Ephedra sinica (Ma Huang)
What it is / Why it's bad: A botanical used in Traditional Chinese Medicine. It contains ephedrine, which was used and abused in weight loss products and banned in the U.S. Ephedra abuse can cause increased blood pressure, heart rate, and possibly heart attack and stroke.

Ethyl vanillin
What it is / Why it's bad: Artificial vanilla flavor more potent than vanillin, used to give chocolate a vanilla flavor. It is manufactured from petrochemicals and has been reported to cause allergic reactions and headaches in sensitive individuals

Ethylene oxide (ETO)
What it is / Why it's bad: Used to sterilize food, botanicals, and spices. The World Health Organization (WHO) classifies ETO as a Class 1 carcinogen. It is highly toxic to kidneys, liver, and nerves and is banned in the U.S.

FD&C numbered color pigments
What it is / Why it's bad: Artificial colors and dyes. They often contain aluminum, sometimes contain lead and mercury, and have been linked to cancer, hyperactivity, and allergies.

Glycols (propylene glycol)
What it is / Why it's bad: Used as solvents, sweeteners, and preservatives. They are allergenic and are a toxic to the kidneys, liver, and nervous system, and even more toxic to infants, who metabolize them slowly.

High fructose corn syrup (HFCS)
What it is / Why it's bad: A sweetener made from corn starch. It is a major contributor to fatty liver, metabolic syndrome, obesity, diabetes, and inflammation, and can be contaminated with mercury.

Hydrogenated oils (partially hydrogenated oil, trans-fats)
What it is / Why it's bad: Oil fillers in softgels. Examples include partially hydrogenated soybean oil. Because trans-fats are associated with heart disease, stroke, diabetes and inflammation, the FDA removed them from its Generally Recognized As Safe list in 2015.

Irradiation
What it is / Why it's bad: Used to sterilize foods and botanicals. It is controversial because of the lack of long-term safety studies, and it has been banned for use in dietary supplements in the United States.

Nut-derived ingredients (tree nuts, peanuts)
What it is / Why it's bad: among the eight most common allergens. They can cause allergic reactions and anaphylaxis in people, and companion animals don't include nuts in their regular diets.

Polyethylene glycol (PEGs)
What it is / Why it's bad: Coating on tablets. Used to make tablets smooth and easier to swallow, it is often contaminated with carcinogens, including 1, 4, dioxane, ethylene oxide, and polycyclic aromatic compounds.

Polyethylene glycol (PEGs)
What it is / Why it's bad: Coating on tablets. Used to make tablets smooth and easier to swallow, it is often contaminated with carcinogens, including 1, 4, dioxane, ethylene oxide, and polycyclic aromatic compounds.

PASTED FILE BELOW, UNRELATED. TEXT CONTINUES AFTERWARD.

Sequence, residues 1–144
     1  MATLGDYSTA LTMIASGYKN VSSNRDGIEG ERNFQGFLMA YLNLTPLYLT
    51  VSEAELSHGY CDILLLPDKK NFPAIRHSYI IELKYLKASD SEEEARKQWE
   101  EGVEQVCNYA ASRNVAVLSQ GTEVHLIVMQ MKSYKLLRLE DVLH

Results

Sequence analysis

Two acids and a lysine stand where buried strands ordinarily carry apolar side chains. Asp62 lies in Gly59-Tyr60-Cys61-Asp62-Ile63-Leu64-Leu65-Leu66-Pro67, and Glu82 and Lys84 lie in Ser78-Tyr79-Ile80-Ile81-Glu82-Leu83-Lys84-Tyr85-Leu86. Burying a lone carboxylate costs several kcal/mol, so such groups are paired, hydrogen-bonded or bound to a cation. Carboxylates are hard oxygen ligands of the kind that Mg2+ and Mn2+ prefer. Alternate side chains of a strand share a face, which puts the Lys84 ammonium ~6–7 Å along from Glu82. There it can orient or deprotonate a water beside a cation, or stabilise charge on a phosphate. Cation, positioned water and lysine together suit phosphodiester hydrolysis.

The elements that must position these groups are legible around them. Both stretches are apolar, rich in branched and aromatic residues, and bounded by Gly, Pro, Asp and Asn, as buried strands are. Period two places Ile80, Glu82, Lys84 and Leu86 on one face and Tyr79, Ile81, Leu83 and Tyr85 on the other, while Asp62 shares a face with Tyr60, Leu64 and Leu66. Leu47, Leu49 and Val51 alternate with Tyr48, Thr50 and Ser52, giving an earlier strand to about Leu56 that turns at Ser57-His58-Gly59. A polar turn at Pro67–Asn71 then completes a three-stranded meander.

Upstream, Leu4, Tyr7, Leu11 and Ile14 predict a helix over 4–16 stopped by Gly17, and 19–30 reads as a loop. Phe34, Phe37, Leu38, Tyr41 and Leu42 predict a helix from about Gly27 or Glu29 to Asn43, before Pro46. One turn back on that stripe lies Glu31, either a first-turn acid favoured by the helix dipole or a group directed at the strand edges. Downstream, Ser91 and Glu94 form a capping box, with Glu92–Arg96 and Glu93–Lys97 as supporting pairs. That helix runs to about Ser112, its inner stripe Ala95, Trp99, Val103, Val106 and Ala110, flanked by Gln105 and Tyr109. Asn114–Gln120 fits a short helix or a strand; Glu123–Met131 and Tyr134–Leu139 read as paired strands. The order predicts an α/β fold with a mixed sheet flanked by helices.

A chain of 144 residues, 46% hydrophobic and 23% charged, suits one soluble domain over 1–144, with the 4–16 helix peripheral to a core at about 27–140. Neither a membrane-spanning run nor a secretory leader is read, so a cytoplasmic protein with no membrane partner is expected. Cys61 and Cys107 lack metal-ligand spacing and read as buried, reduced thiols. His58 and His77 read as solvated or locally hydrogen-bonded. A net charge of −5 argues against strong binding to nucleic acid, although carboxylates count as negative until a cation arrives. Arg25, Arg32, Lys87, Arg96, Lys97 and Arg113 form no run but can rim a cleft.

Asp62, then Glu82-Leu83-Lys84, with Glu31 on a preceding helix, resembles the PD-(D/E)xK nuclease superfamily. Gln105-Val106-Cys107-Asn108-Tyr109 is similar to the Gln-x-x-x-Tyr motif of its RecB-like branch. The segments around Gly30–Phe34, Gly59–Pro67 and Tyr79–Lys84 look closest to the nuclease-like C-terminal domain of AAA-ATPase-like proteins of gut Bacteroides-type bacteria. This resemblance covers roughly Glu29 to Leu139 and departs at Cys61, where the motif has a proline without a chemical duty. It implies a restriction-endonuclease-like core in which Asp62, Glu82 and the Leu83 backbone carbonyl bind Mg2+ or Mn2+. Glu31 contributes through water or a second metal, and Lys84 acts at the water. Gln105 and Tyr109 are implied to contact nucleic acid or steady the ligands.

Saccharin (Sweet 'N Low, Sugar Twin)
What it is / Why it's bad: An artificial sweetener. It can cause bladder cancer in animals, and there are no strong studies proving safety in humans (only observational). As a sulfonamide it can also cause allergic reactions.

Sodium benzoate
What it is / Why it's bad: An artificial preservative. When mixed with vitamin C it can yield benzene, which is carcinogenic.

Sorbitol
What it is / Why it's bad: Sugar alcohol used as a sweetener. It can cause diarrhea, gas, and bloating.

Stearates (stearic acid, magnesium stearate)
What it is / Why it's bad: Manufacturing aids. They lubricate, help ingredients flow, and allow more material to be packed in a capsule. As long-chain fatty acids, they can inhibit the absorption of nutrients.

Sucralose (Splenda)
What it is / Why it's bad: An artificial sweetener. It has caused leukemia in animal studies and in humans is associated with bowel inflammation and a decrease in beneficial GI flora.

Sulfites (potassium bisulfite, sodium sulfite)
What it is / Why it's bad: Preservatives. Although they can occur naturally in foods, they are often added in manufacturing. They are allergenic and can cause severe asthmatic reactions in sulfite-sensitive individuals.

Synthetic Vanillin
What it is / Why it's bad: Artificial vanilla flavor. Natural vanillin is a constituent of vanilla. However, synthetic vanillin is used in imitation vanilla flavoring and is generally manufactured from petrochemicals. Another is from genetically modified yeast. It may trigger allergic reactions, GI upset, or migraines.

Tertiary butylhydroquinone (TBHQ)
What it is / Why it's bad: A synthetic antioxidant related to BHA and BHT. It is tumorigenic and neurotoxic, and can cause liver enlargement.

Titanium dioxide
What it is / Why it's bad: A metallic colorant that makes ingredients white. It has been classified by the International Agency for Research on Cancer as a Class 2B carcinogen (i.e., "possibly carcinogenic to humans").

Using the same testing standards as our human products, all incoming ingredients are quarantined until tested and verified.

We test for 760 unique items.

Microorganisms

Arsenic

Mercury

Cadmium

Mold

Yeast

Coliforms

Salmonella

Ecoli

Leads

Heavy metals

Residual solvent

Pesticide residues

Benzopyrene

Organoleptic testing